Setting Idea: Wounded Gaia - Page 4
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  1. #31
    If I understand correctly, what you're saying is that the PCs should have a smaller starter adventure/encounter (say, with Orcish bandits on the road near Olafsville) after which they'll be hired by Olaf the Third to check out the old fortress, right? If so, thanks for the suggestion - I like this idea!

  2. #32
    Yes. This will give them a preview of what the campaign would be like, and give a good reason for Olaf to hire them to take out the old fortress.

  3. #33
    Thanks for the idea - I'm definitely going to use it

  4. #34
    Here is a sketch of what have in mind for the Wounded Gaia cosmology:

    By golan2072 at 2009-07-11

    The Spirit Realm replaces the Ethereal, Plane of Shadow and the Astral. The Mortal Realm and the Spirit Realm are interconnected, and to some degree overlapped, but there are places in the Spirit Realm that are beyond the Mortal Realm; some of them far beyond. Fey, shadow-creatures, incorporeal undead and so forth are Spirits, and thus dwell in the Spirit Realm (and may manifest in the Mortal Realm).

    When a mortal dies and is properly put to rest, his or her spirit travels to the Realm of the Dead, where it slowly drifts away from the Mortal and Spirit realms. If a dead person is not properly buried or put to rest, or if the circumstances of his or her death leave a strong emotional impression on the spirit, he or she lingers in the Spirit Realm as an incorporeal undead.

    The Elemental Realms represent the metaphysical building blocks of the cosmos - Fire, Air, Earth and Water. Each is inhabited by spiritual beings of its element - not just elementals but also others (some of which are docile, some could be very nasty). It is possible to "punch through" with magic and open direct portals to the Elemental Realms or to the Realm of the Dead while circumventing the Spirit Realm.

    Both major gods - the Mother Goddess and the Clockwork God - inhabit the Mortal World and the Spirit World simultaneously.

    There are no "Good" or "Evil" planes in this setting. Spells such as Protection from Evil or Dispel Evil become Protection from Spirits an Dispel Spirit.

  5. #35
    I wonder if I didn't paint myself into a corner by focusing on a relatively warm area (most of it never covered by ice); did I lose the potential themes and plot elements of a harsh winter? Or could this default setting use well enough the plot and theme potential of the general setting idea?

  6. #36
    you could use the potential from the plot, or if you desperately need a harsh winter you could have a calamity that causes the earth mother to douse the entire world in harsh winter or a very powerful spell could achieve the same effect.

  7. #37
    An alternative I'm thinking about is have the "forces of winter" (such as Snow Orcs riding mammoths and accompanied by Winter Wolves and ice-themed shamans) invade the more temperate area under the cover of a particularly harsh winter...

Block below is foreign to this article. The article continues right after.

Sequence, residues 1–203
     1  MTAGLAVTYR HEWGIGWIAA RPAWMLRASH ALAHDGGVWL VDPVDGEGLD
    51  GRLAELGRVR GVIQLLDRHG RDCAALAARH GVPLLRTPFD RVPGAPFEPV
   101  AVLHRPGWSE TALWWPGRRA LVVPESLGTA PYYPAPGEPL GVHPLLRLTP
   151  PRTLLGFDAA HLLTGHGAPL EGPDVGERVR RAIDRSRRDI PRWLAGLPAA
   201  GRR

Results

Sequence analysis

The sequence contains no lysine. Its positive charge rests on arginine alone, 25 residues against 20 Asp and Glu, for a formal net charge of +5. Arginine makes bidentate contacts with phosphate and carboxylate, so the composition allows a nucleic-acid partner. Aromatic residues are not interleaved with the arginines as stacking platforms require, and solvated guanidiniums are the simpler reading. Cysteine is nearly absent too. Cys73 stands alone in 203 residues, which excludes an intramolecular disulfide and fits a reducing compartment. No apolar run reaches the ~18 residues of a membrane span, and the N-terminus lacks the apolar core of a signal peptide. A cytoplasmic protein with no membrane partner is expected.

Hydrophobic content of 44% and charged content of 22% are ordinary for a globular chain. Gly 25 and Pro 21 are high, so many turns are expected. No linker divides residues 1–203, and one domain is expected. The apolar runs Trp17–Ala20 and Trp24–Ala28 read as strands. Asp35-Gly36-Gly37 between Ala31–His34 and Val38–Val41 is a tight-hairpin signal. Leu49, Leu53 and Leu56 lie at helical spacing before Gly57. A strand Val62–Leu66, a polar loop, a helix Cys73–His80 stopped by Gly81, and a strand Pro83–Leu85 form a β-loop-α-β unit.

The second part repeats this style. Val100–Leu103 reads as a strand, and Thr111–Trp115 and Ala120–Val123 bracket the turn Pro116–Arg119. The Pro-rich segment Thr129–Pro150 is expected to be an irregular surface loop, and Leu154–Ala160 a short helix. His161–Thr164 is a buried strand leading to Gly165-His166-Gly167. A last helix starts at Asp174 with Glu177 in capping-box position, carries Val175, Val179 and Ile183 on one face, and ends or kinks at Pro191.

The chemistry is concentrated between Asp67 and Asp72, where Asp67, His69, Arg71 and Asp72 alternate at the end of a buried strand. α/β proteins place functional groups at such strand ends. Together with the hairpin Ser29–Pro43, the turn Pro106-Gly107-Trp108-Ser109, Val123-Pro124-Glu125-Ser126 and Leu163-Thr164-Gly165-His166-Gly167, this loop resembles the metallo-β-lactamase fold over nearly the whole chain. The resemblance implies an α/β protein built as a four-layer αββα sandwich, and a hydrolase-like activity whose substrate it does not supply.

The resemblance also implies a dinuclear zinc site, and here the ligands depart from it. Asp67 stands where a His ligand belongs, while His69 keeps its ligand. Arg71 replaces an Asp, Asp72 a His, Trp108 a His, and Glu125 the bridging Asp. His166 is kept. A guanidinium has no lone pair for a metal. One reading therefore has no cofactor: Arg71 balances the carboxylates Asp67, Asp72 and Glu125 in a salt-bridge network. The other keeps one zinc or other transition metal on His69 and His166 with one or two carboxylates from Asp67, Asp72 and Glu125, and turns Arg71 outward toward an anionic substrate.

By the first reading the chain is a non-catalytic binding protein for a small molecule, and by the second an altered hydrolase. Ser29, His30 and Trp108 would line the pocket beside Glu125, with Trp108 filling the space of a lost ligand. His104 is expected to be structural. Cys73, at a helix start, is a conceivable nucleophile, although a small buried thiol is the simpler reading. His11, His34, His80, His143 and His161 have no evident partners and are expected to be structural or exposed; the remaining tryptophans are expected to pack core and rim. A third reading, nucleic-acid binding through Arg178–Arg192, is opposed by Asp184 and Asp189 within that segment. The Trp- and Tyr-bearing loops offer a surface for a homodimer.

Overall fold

8. #38
    Perhaps winters are slowly becoming ever harsher and more difficult, lasting longer and starting earlier?

    Everyone knows that it is only a matter of time before their area becomes unliveable.

    Yet, they also know that this isn't what Should Be happening. There are other places where winter is not encroaching, and people are not becoming more desperate.

    This could give your whole campaign a meta-plot, as the PCs ultimately want to find out what is causing winter's increase, here specifically, and what they can do, if anything, to end the danger. But, if they don't, the danger is slow enough, there'll be time for another generation to figure it out...

  9. #39
    I like this idea, Gilladian, and I think I'll use it as the big overplot... There might be either a coven of ice-druids or maybe a sorcerer or lich at play here...
    Last edited by Shades of Green; Friday, 4th September, 2009 at 08:37 PM.

  10. #40
    Even during the Age of Blossom, the Halflings and Dwarves (as well as some Human cultures) worshiped their ancestors. Instead of Clerics they had Priests (Shamans in BFRPG game terms), and instead of temples or churches they had shrines. Most Humans and Elves worshiped the Mother Goddess as an agricultural deity back then.

    Now, in the Frozen Age, almost all cultures have returned to shamanism, animism and ancestor worship, and only a few Druids and humanoids are still capable of following the hurt, wild Mother Goddess; a few mortals follow the cold, inhuman Clockwork God.

    Dwarven mines and Halfling villages always had shrines for their ancestors; now most Human and Elven settlements have their own shrines to honor the local benign spirits and drive away malicious spirits.

    EDIT: Speaking of the Ages, Gaia's recorded history is usually divided into the following eras: the primitive Age of Chaos, when barbarism reigned and numerous city-states fought among themselves; the Dawn Age, when three Empires grew and united the warring city-states and divided the known world among themselves in a time of prosperity interrupted by occasional wars; the Age of Dusk, resulting from the Dusk War between the three empires and their subsequent collapse, an era of many kingdoms and feudal lords; the Age of Blossom, the time of prosperity, relative peace and technological advance; and the Frozen Age resulting from the Cataclysm and the Coming Winter.

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